In a landmark immigration decision involving a claim of eligibility for asylum, the First Circuit Court of Appeals has issued an opinion finding past persecution in the case of a Mayan man, based on the long history of genocide in Guatemala and related racist mistreatment.
The case, Ordonez-Quino v. Holder, 2014 U.S. App. LEXIS 14004, originated from the New Bedford, Massachusetts factory raid in 2007, when 361 workers were arrested and sent to Texas without being given an opportunity to obtain counsel or go forward with their removal hearings in the venue in which they resided. The client in the case, Manuel Ordonez-Quino, was represented by Harvard Law School Senior Clinical Instructors John Willshire Carrera and Nancy Kelly, co-managing directors of the Harvard Immigration and Refugee Clinic at Greater Boston Legal Services.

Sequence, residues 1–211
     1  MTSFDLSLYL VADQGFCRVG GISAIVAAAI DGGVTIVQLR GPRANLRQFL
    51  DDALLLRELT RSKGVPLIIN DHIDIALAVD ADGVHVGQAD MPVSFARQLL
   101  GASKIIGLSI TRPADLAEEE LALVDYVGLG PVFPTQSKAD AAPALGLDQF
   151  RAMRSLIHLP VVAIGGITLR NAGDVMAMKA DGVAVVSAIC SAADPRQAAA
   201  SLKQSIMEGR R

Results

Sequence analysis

In its July 23 decision, the First Circuit panel vacated the Board of Immigration Appeals’ decision denying asylum to Ordonez-Quino, a Guatemalan indigenous Mayan Quiché, who was persecuted by the Guatemalan military and others on account of his race and ethnicity.
In its decision, the court overruled the Board of Immigration Appeals and the immigration judge, pointing to the extensive evidence in the record demonstrating that Ordonez-Quino and his community were targeted by government forces and others during the war because of their Mayan identity and their resistance to racist attacks. The court ruled that the cumulative harm Ordonez-Quino had experienced since his childhood constituted past persecution based on his race and ethnicity, and remanded the case for further proceedings.
Immigration advocates, scholars, and practitioners across the country have called the court’s decision “groundbreaking.”
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